The Hungarian-born sociologist and educator Karl Mannheim (1893-1947) explored the role of the intellectual in political and social reconstruction. He also wrote on the sociology of knowledge.
Karl Mannheim was born on March 27, 1893, in Budapest to a German mother and a Jewish middle-class Hungarian father. He attended a humanistic school in Budapest and did further study in philosophy (particularly epistemology), languages, and the social sciences at the universities of Budapest, Berlin, Paris, Freiburg, and Heidelberg (1920). His doctoral dissertation in 1922 was The Structural Analysis of Knowledge. In 1921 he married Juliska Lang.
Mannheim was a lecturer in sociology at the University of Heidelberg (1926-1930) and then became professor of sociology and head of the department at the University of Frankfurt. The Nazi government forced his dismissal in 1933. He moved to England, where he became a lecturer in sociology at the London School of Economics (1933-1945). He was also lecturer in the sociology of education (1941-1944) and then professor of education and sociology (1944-1947) at the Institute of Education of the University of London. He died in London on Jan. 9, 1947.
Mannheim's early writings dealt with the leadership role of intellectual elites in maintaining freedom. This concern reflected his study of Max Weber, Max Scheler, and Karl Marx. Mannheim's most important early book, Ideology and Utopia (1929 in German, 1936 in English), introduced the sociology of knowledge as a new field of study in the social sciences. Antipathy to the Nazi movement in Germany deepened his interest in democratic dynamics. His writings increasingly focused on the political, social, and moral problems involved in the survival of democracy and freedom. He saw interdependence as the characteristic feature of the modern era and viewed education and planning as essential for improving society. This concern is expressed in Man and Society in an Age of Reconstruction (1940), in which he weighed the political strengths and weaknesses of intellectual elites. His Diagnosis of Our Time (1943) explored ways to reestablish rational means of social organization. In Freedom, Power, and Democratic Planning (1950), published after his death, he continued his concern about the intellectual as leader in a planned society.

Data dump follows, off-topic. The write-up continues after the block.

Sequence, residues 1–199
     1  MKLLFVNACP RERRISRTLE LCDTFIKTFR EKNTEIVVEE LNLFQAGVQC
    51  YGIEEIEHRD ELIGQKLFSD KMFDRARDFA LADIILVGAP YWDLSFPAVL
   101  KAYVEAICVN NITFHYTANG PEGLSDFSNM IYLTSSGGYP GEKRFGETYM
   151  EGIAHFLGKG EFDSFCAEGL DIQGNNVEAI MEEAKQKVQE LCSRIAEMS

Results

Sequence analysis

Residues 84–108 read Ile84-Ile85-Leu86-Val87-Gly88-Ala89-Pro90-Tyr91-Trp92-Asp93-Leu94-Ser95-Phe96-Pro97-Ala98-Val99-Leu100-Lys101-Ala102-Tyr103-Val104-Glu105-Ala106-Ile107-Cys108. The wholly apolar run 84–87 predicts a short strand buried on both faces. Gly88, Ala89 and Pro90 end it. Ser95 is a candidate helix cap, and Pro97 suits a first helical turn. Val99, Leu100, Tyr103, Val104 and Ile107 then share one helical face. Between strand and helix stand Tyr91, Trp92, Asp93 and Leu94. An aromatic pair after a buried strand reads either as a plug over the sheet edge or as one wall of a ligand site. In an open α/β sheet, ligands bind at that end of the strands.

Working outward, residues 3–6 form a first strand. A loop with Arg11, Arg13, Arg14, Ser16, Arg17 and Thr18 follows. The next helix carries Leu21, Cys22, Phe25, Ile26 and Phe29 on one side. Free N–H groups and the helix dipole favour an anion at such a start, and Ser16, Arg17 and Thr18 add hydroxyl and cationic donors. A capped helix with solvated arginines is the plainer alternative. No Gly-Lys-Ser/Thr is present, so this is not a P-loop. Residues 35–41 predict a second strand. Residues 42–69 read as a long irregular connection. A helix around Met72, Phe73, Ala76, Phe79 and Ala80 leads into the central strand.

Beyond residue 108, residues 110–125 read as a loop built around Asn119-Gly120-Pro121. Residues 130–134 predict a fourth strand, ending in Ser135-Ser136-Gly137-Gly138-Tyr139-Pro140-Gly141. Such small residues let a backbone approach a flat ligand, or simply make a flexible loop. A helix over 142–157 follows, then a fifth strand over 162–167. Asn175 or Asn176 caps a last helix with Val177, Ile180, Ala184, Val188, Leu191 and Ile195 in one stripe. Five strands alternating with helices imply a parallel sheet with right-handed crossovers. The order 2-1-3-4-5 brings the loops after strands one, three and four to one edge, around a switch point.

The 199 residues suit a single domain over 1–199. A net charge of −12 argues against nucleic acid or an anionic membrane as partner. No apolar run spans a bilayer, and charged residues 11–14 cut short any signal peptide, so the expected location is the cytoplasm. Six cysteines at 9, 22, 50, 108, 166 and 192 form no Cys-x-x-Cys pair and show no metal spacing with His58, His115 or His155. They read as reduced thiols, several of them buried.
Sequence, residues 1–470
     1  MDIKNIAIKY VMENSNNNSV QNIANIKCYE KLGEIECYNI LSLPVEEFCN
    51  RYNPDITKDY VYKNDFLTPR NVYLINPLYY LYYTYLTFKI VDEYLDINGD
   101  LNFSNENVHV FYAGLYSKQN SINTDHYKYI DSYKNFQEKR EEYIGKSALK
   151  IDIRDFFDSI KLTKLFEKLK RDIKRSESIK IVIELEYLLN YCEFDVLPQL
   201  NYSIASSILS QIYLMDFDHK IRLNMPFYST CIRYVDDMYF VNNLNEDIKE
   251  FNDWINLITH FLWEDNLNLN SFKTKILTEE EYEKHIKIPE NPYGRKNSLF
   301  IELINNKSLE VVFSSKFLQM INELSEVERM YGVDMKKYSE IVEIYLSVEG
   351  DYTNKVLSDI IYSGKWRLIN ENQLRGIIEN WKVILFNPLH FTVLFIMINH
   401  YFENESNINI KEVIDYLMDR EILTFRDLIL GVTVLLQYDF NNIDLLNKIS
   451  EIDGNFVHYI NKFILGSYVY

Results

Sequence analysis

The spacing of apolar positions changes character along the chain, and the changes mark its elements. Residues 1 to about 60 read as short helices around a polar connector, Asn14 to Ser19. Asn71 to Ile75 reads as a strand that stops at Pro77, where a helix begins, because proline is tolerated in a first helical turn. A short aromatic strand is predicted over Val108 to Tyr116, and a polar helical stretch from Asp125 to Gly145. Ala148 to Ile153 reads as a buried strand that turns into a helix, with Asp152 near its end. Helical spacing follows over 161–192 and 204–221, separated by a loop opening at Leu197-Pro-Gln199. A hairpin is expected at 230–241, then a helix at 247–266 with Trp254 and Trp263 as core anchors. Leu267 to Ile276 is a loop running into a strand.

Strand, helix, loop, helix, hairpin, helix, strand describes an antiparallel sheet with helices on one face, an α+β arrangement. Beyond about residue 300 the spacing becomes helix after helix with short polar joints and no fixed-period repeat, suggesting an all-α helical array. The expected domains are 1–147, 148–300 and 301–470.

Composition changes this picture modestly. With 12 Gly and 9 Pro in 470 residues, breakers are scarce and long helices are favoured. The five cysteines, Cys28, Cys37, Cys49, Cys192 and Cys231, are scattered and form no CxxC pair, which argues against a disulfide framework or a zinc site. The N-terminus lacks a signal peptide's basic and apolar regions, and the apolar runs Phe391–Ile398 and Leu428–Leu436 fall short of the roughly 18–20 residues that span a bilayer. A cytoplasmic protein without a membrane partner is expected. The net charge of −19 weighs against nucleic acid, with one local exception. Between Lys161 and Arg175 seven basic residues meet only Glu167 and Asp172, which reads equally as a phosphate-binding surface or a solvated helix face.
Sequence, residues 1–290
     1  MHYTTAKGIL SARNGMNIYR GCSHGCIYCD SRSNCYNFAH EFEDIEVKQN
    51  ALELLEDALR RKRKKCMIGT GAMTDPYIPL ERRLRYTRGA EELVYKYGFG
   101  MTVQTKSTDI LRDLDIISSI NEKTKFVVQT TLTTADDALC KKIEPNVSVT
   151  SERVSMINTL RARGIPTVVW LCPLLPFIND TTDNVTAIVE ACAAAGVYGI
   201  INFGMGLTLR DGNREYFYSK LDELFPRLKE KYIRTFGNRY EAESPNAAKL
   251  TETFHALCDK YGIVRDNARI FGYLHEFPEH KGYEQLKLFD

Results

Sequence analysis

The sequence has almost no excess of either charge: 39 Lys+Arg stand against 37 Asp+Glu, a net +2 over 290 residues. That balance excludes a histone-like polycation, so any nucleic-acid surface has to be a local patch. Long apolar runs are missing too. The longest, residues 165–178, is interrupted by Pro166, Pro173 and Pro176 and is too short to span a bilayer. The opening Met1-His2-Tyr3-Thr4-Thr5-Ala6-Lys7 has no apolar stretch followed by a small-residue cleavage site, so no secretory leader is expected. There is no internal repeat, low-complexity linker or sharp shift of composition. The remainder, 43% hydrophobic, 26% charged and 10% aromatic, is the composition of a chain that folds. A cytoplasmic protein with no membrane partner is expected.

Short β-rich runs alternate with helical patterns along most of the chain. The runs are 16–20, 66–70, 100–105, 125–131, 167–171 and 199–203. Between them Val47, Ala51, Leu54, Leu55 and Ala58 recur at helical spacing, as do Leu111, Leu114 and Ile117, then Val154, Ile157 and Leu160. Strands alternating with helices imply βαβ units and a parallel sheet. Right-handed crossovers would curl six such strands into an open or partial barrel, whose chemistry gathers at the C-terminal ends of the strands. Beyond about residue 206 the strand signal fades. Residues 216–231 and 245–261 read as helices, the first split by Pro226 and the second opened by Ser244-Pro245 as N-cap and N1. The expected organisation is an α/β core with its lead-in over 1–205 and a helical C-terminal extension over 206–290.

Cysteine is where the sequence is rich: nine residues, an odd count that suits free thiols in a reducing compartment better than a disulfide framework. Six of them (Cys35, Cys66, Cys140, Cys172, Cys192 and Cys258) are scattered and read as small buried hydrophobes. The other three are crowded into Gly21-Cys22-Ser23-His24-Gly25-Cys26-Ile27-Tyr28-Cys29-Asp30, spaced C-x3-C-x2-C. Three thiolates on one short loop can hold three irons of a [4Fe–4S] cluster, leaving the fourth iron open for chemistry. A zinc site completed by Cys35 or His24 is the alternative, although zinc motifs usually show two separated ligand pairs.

In his last years Mannheim made the problem of planning and education his principal concern. As editor of the International Library of Sociology and Social Reconstruction, he stimulated thought and publications in sociology, education, and planning. He sought democratic ways to achieve consensus in a mass society, believing that studies in the sociology of education could help achieve this consensus.
Mannheim was a successful and inspiring teacher with a contagious passion for his subject. He was articulate and provocative, had a Socratic tolerance for opposition and a lively sense of humor, and was nonpartisan in sociological controversies. Although he did not create a sector school, he influenced many students and colleagues.
Further Reading on Karl Mannheim
Jacques J. Maquet, The Sociology of Knowledge (1949; trans. 1951), is a critical analysis of the systems of Mannheim and Pitirim A. Sorokin. Margaret B. Fisher, Leadership and Intelligence (1954), discusses Mannheim's writings in this field.
Additional Biography Sources
Kettler, David, Karl Mannheim and the crisis of liberalism: the secret of these new times, New Brunswick, N.J.: Transaction Publishers, 1995.
Loader, Colin, The intellectual development of Karl Mannheim: culture, politics, and planning, Cambridge Cambridgeshire; New York: Cambridge University Press, 1985.
Woldring, H. E. S., Karl Mannheim: the development of his thought: philosophy, sociology, and social ethics, with a detailed biography, New York: St. Martin's Press, 1987, 1986.